Friday, September 28, 2007

ISSUES FOR IDIOTS -- Where do you find the carnival of free music? Your local library.

That's right. Libraries these days are also in the music CD business, and the DVD business too.

Hey, it's all there waiting for you... beckoning you... and you might as well get something out of your tax dollars, right? Typically, the larger the library system is, the more you'll have to choose from; so you might do a little homework, especially if you're not near a large city. I'm in the Seattle area, and use the King County Library System rather than a local city system. I do know that libraries can lend among one another, but I've never looked into that---that's where some cost might come into play...

...but what does all this typically it cost? Absolutely nothing, unless you draw up late fees; which is hard to do since you can usually renew items online and in most cases have them checked out for 3 months at a time (assuming nobody else is waiting for them). Of course, I've still managed to do it, but I'm a swiss cheese brain. After all, I leave rare Rush posters in airports for no reason other than to make my life more complicated when I go back in search of them...

The lending library system is how I dove into jazz four years ago. I didn't just go out and purchase jazz CDs at random (even if I did have that kind of cash, I'd never do that), I checked them out through the local library to see what I liked and what I didn't like. I started with Ken Burns' DVD documentary on jazz, and then discovered there were best-of compilations issued from the documentary of the 22 "Jazz Giants," as Burns put it. That was an excellent starting point, and then I branched out from there.

With no library system, I would not be the huge Ornette Coleman fan I am today. I wouldn't have discovered the stunning magic of Miles Davis' Bitches Brew. I wouldn't have discovered Andrew Hill, my all-time favorite jazz pianist. I can't emphasize enough how many gems would have gone undiscovered without the library.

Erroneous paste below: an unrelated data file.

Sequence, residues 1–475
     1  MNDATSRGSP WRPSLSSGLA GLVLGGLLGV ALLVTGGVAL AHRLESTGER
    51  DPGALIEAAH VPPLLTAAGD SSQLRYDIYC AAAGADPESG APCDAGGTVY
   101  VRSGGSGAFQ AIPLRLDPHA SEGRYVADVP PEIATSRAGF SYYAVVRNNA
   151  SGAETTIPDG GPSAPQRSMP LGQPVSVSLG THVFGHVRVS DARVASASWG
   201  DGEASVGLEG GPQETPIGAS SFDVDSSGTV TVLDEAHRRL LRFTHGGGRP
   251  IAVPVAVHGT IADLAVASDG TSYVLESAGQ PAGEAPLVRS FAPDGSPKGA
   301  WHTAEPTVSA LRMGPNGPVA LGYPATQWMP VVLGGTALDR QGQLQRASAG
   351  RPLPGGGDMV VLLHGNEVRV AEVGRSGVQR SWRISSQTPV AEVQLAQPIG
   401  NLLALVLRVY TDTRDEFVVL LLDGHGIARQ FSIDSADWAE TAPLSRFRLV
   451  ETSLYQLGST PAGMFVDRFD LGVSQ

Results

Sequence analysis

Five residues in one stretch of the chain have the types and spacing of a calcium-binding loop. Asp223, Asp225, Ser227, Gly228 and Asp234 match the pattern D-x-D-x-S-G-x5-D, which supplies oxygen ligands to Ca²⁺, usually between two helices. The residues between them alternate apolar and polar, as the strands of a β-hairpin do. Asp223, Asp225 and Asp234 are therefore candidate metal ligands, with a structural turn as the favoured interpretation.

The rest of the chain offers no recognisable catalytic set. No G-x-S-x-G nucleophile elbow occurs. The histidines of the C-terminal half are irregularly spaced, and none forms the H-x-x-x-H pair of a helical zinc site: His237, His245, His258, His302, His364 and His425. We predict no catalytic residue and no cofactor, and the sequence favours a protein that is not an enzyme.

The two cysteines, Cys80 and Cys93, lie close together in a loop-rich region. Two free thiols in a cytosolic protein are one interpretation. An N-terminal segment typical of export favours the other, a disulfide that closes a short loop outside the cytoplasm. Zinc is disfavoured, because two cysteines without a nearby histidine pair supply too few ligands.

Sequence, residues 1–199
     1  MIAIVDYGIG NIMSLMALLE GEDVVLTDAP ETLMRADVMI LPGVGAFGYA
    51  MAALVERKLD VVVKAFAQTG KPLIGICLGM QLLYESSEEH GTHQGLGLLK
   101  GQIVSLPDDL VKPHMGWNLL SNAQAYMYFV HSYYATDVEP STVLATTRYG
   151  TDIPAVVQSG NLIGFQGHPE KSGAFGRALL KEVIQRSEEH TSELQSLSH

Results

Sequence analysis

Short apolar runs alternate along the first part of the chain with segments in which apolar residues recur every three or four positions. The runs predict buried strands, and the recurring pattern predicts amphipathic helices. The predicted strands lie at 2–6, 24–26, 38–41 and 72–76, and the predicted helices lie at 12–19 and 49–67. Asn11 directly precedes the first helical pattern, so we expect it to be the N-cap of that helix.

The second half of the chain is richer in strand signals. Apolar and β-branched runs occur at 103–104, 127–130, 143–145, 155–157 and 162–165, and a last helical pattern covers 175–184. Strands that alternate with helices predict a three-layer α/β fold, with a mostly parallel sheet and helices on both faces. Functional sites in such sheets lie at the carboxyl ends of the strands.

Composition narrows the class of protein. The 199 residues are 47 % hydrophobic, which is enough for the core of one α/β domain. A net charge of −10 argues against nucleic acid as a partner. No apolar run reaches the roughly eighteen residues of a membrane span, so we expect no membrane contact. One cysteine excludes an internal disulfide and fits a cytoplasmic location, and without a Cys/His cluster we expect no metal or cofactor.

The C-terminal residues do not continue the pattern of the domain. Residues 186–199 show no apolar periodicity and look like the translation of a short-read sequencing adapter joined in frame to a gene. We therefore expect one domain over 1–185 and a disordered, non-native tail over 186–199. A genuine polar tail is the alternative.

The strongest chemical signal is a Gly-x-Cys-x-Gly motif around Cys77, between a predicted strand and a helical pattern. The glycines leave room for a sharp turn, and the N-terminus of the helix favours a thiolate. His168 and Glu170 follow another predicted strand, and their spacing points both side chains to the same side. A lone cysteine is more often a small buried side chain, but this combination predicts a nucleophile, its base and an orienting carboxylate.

I will go as far as saying the American library system, in terms of music, changed my life... probably with books too, but definitely with music. My life is richer and more fulfilling because of the library system.

I've made the same kinds of discoveries with classical music, opera, country, bluegrass, odd forms of world music, and I've expanded my rock & roll palate. This is how I dove deeper into Neil Young. This is how I worked my way chronologically through the Dylan catalog (painfully at times, I might add) to see what all the fuss was about with him. While I'm not a huge Dylan fan, I am now familiar with all his work and can appreciate the contributions he made to music... all, again, at no cost.

So who do we have to thank for this lending library system we have? I believe that would be Benjamin Franklin, who either came up with the idea or at least recycled an idea and put it into play back in the good 'ol days.

My only complaint, in the case of my local library, would be that I'm limited to having 100 items checked out at a given time... and none of the items are in gift wrapping either, because it certainly feels like my birthday every time I walk in to explore and peruse all this free music... and there's no cheerleaders, nor fireworks, to dance around and go off---because for some reason I always feel like celebrating when I leave with a full bag of CDs---again, for free! Yippie!!!

How does that song go? "It's yer birthday---it's yer birthday---it's yer birthday..." S

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